• Vol. 35 No. 7, 461–467
  • 15 July 2006

Utility and Validity of the Self-administered SF-36: Findings From an Older Population

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ABSTRACT

Introduction: The objectives of this study were to assess the utility and validity of the self-administered SF-36 and the effect of visual or cognitive impairment on these measures in an older population.

Materials and Methods: Attempt rates, completion rates and internal consistency (Cronbach α) were compared within the second cross-sectional, population-based Blue Mountains Eye Study (n = 3509, mean age 66.7 years, 57% women).

Results: The SF-36 was attempted by 3162 (90.1%) participants, of which 2470 (78.1%) completed all items and 2873 (90.9%) completed sufficient items for calculation of all dimensions. In a multivariate model adjusting for age, sex, and presenting visual and cognitive impairments, women (P = 0.011) and participants with visual or cognitive impairments (P<0.0001) were less likely to attempt the questionnaire. Completion rates were significantly lower with increasing age (P <0.0001), in men (P ≤0.0005) and in those with cognitive impairment (P <0.0001). A high level of internal consistency (Cronbach α >0.85 for all dimensions) and construct validity was demonstrated, the latter distinguishing between those with and without medical conditions, disabilities or recent hospital admissions (P <0.01). As the prevalence of visual or cognitive impairment was relatively low in this population, we found no apparent effect of these impairments on the validity of SF-36.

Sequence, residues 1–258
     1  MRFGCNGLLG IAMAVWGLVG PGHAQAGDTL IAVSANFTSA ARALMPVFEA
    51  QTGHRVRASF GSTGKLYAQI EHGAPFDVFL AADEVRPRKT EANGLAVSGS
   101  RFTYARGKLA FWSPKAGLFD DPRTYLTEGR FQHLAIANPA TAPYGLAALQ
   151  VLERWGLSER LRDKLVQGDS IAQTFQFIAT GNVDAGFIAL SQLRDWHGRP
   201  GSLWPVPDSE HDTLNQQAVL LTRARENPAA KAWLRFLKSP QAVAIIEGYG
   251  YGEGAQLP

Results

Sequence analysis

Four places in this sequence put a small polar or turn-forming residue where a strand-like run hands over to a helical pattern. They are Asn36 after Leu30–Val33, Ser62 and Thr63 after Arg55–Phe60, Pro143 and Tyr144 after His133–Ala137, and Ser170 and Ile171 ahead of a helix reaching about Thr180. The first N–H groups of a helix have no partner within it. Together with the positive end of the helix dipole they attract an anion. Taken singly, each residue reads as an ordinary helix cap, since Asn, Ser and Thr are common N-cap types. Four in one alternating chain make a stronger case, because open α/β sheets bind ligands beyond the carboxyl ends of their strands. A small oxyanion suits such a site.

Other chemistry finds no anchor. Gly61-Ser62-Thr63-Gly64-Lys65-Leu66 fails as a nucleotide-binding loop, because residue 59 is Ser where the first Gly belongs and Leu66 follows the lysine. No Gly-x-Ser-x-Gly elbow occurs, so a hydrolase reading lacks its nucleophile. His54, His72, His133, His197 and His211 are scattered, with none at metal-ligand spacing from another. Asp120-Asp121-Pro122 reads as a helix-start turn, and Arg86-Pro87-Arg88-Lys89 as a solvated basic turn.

Conclusions: Attempt and completion rates, but not internal consistency and construct validity, of the SF-36 were influenced by age, gender, and presenting visual and cognitive impairments. The overall high attempt and completion rates, internal consistency and construct validity suggest that the self-administered SF-36 is a suitable health-related quality of life (HRQOL) measure in similar older community-living populations.


The shift towards broader health perspectives and the emphasis on patient preferences have led to the development of many health questionnaires and their inclusion as primary and secondary outcome measures in clinical trials. Measurements of health-related quality of life (HRQOL), a multidimensional concept encompassing physical, emotional and social aspects associated with a disease or its treatment, are increasingly used to organise, finance and deliver health care services for the growing older population.

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